Robert Mugabe, the longstanding president of Zimbabwe, celebrates his 90th birthday today. There is no question he has seen significant changes occur over his lifetime, from the end of colonialism to the rise of globalization. But being the only president Zimbabwe has ever had since its transition to majority rule in 1980 also means that no other person has defined the political and economic landscape of his country more than he has.

Looking at the state of Zimbabwe today, that is neither a positive legacy nor one that many in Zimbabwe hope continues.

Since the harmonized elections last July that returned Mugabe to another 5 year term, Zimbabwe has lurched from one crisis to the next. With the opposition largely out of the picture, infighting within Mugabe’s ZANU PF party has grown as various politicians jostle for a spot ahead of the inevitable battle for who will take Mugabe’s place. Despite public calls by Mugabe for party unity, he has been unable to stop the growing factionalism which is taking its toll on the already weak economy and the party.

Recently the infighting has gone public with factions battling each other through the media and leaking critical information exposing corruption throughout the government. The latest chapter involved revelations of the salaries of senior bureaucrats in various underperforming government parastatals, which in some cases reached $500,000 a month. Given that the government is largely out of money and struggling to pay ordinary civil servants their meager salaries that average $300 to $400 a month, the revelations have further divided ZANU PF and hurt general morale in Zimbabwe.

It has long been known that corruption is endemic in Zimbabwean politics and that any attempt to investigate and prosecute the offenders would not be tolerated. But the revelations of “salarygate” put that corruption in full view of a public that is badly hurting from the country’s continuing economic malaise. With a formal unemployment rate estimated at 70 to 85% and a quarter of the rural population dependent on aid from the World Food Program, Zimbabwe desperately needs economic growth across all sectors of the economy. Instead, the factionalism within ZANU PF is giving them key insights into the reasons why such growth continues to be elusive.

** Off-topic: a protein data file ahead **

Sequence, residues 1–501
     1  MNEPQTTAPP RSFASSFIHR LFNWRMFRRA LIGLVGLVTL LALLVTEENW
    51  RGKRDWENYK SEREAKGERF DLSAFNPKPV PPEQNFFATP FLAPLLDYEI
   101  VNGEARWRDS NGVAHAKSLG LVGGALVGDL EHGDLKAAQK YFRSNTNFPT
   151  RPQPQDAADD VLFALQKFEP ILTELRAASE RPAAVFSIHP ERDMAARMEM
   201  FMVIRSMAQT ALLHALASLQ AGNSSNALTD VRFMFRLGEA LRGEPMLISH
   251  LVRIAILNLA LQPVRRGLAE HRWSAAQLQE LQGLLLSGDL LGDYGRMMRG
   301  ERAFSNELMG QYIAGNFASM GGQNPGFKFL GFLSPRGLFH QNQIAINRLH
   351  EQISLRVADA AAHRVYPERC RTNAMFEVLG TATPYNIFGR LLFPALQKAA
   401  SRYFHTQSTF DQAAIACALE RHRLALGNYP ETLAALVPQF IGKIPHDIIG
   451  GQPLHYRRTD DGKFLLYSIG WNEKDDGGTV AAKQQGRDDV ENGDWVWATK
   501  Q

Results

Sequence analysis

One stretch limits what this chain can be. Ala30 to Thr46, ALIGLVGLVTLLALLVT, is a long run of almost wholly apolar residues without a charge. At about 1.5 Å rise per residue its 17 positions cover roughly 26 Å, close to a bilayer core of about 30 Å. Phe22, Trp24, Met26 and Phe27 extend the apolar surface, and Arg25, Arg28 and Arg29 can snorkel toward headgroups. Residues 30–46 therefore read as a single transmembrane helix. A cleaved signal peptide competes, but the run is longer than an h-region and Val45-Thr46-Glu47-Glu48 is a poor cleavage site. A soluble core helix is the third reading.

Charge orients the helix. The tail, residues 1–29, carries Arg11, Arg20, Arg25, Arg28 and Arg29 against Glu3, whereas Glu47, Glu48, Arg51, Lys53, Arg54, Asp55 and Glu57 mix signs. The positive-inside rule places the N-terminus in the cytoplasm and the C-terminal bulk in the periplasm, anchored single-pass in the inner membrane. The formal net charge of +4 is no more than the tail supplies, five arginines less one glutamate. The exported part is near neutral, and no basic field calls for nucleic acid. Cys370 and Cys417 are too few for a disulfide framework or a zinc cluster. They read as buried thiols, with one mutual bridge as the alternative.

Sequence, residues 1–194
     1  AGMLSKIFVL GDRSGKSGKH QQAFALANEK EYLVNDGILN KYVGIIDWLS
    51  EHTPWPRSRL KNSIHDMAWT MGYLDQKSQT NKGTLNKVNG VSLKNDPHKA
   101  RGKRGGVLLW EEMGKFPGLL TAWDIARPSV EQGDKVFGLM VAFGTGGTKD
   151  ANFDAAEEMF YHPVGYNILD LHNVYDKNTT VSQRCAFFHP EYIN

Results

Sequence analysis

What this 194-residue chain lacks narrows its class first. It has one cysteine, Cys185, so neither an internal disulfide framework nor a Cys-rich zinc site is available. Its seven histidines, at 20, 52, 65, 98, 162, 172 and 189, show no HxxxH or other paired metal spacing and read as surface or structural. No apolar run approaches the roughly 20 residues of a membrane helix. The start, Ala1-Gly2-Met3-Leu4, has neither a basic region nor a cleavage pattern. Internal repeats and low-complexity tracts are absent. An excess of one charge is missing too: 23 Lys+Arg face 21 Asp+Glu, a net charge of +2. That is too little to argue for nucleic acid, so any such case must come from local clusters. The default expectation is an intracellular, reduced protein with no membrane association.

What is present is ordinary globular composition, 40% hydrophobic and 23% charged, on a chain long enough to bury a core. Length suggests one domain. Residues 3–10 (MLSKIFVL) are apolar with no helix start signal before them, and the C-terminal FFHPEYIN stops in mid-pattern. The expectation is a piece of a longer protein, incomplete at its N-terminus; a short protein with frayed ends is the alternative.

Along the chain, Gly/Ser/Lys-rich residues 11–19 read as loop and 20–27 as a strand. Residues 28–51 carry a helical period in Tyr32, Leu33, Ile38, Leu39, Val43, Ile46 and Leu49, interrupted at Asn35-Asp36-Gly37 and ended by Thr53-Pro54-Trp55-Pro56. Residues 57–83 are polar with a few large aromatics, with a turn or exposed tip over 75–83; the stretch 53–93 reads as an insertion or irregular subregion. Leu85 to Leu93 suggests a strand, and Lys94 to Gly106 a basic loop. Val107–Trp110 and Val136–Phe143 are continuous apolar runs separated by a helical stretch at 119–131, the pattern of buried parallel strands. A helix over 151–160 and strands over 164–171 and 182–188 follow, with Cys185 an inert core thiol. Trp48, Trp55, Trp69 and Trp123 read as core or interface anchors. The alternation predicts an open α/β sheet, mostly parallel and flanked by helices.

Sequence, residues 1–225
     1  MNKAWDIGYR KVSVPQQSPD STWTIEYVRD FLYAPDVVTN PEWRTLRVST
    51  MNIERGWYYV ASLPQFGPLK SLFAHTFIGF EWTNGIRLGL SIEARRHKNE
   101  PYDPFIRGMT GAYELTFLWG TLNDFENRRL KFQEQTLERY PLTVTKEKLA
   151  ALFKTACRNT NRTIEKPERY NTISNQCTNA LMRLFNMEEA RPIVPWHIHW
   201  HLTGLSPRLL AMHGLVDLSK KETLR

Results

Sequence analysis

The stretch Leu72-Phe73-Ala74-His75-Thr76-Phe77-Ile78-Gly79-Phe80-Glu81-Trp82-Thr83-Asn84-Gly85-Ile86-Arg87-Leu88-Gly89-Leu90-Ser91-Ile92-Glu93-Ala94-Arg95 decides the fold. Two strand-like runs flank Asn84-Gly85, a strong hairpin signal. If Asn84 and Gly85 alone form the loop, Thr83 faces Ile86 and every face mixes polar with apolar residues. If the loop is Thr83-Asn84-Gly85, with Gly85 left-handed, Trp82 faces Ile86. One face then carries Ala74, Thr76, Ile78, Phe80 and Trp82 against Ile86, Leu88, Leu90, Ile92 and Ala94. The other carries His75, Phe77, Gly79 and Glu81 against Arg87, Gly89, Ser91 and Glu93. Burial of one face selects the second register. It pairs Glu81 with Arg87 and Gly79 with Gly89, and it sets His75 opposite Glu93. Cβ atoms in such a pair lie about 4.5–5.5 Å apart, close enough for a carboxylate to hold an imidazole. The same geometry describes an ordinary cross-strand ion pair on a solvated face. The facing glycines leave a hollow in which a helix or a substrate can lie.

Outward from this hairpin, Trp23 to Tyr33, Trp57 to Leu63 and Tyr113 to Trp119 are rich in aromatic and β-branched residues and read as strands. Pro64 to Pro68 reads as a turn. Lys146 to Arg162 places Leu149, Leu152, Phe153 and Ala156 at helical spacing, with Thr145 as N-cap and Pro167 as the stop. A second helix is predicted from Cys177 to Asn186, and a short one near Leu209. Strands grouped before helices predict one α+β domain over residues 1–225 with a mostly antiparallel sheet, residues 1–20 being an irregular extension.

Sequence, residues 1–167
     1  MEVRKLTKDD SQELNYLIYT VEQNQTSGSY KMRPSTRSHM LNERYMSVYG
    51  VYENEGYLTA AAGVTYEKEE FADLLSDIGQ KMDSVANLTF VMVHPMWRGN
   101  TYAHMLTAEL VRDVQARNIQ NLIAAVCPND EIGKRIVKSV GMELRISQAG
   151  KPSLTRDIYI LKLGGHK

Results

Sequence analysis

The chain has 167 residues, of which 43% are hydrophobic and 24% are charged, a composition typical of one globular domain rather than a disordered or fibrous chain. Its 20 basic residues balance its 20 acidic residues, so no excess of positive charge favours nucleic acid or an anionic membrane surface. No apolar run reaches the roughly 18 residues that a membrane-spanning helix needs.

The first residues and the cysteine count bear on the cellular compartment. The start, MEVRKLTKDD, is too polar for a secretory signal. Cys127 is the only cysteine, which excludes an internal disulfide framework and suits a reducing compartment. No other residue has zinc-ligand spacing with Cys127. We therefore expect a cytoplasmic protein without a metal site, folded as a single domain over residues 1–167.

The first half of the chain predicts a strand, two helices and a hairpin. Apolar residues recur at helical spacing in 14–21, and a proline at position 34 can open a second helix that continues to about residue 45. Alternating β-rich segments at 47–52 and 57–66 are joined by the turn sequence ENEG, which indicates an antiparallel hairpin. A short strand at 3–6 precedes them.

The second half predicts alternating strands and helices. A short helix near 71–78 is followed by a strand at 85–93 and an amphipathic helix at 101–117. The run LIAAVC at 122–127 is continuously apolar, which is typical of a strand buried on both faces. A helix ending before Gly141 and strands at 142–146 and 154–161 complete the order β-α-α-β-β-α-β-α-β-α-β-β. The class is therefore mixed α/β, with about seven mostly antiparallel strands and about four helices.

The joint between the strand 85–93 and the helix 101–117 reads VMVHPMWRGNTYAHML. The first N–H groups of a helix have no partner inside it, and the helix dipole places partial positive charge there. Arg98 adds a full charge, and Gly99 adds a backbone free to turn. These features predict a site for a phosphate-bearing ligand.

It also puts it in full view of potential donors and investment partners. Zimbabwe’s difficult relationship with the West following the controversial fast-track land reform program and increase in political violence over the last decade means that while traditional donors such as the US and EU can be counted on for humanitarian aid, they are largely out of the picture for foreign direct investment and government aid. While the EU lifted most of the remaining targeted sanctions on ZANU PF elites this week and ultimately offered Mugabe an invitation to the EU-Africa Summit in April, the basic economic relationship between the West and Zimbabwe is unlikely to change soon.

This has made China Zimbabwe’s best development and investment partner over the last 10 years. But recently even China seems hesitant to continue on the path with Zimbabwe unconditionally. Heavily indebted and facing a significant cash shortage, the government recently tried to secure a loan from the Chinese government and business community using Zimbabwe’s vast mineral deposits as collateral. However, for the first time since Mugabe launched his “Look East” policy, the answer Zimbabwe received was a resounding “no.” While China continues to invest in other projects within the country, the development puts into question the ambitious economic growth plan Mugabe campaigned on last year and likely signals the continuation of economic stagnation for most of the country.

Thus this is the Zimbabwe Mugabe has fashioned from his 34 years in power. Crippled by unemployment, fractured by corruption and always seemingly on the verge of a possible economic collapse, the promise Mugabe held in 1980 has long disappeared into an abyss of corruption, paranoia and self-entitlement by the political establishment. Meanwhile, Zimbabweans continue to wait for the country to turn a corner, for the services they once counted on to return, and for a new chapter in their history to begin.

As Mugabe celebrates his 90th birthday, The Economist probably summed up his tenure best by pointing out that of all the current long-standing African leaders, Mugabe is the only one that has overseen a drop in average life expectancy for his country. Many within the government see that as all the more reason for him to celebrate beating his own odds to reach 90, with a party that is expected to cost the government a million dollars.

In the meantime, Zimbabweans are left to wait to see what happens next as they struggle to get through the landscape Mugabe has created.

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